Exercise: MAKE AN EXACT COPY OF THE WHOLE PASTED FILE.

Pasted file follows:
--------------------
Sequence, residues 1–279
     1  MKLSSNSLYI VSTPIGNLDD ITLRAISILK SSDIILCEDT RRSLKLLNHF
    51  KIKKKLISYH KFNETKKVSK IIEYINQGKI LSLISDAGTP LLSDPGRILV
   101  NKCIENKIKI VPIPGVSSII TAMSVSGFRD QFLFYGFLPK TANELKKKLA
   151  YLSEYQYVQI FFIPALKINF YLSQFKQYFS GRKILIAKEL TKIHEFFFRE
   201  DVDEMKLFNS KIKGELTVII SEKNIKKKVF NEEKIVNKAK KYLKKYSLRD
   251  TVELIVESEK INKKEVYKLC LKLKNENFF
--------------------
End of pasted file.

Sequence, residues 1–279
     1  MKLSSNSLYI VSTPIGNLDD ITLRAISILK SSDIILCEDT RRSLKLLNHF
    51  KIKKKLISYH KFNETKKVSK IIEYINQGKI LSLISDAGTP LLSDPGRILV
   101  NKCIENKIKI VPIPGVSSII TAMSVSGFRD QFLFYGFLPK TANELKKKLA
   151  YLSEYQYVQI FFIPALKINF YLSQFKQYFS GRKILIAKEL TKIHEFFFRE
   201  DVDEMKLFNS KIKGELTVII SEKNIKKKVF NEEKIVNKAK KYLKKYSLRD
   251  TVELIVESEK INKKEVYKLC LKLKNENFF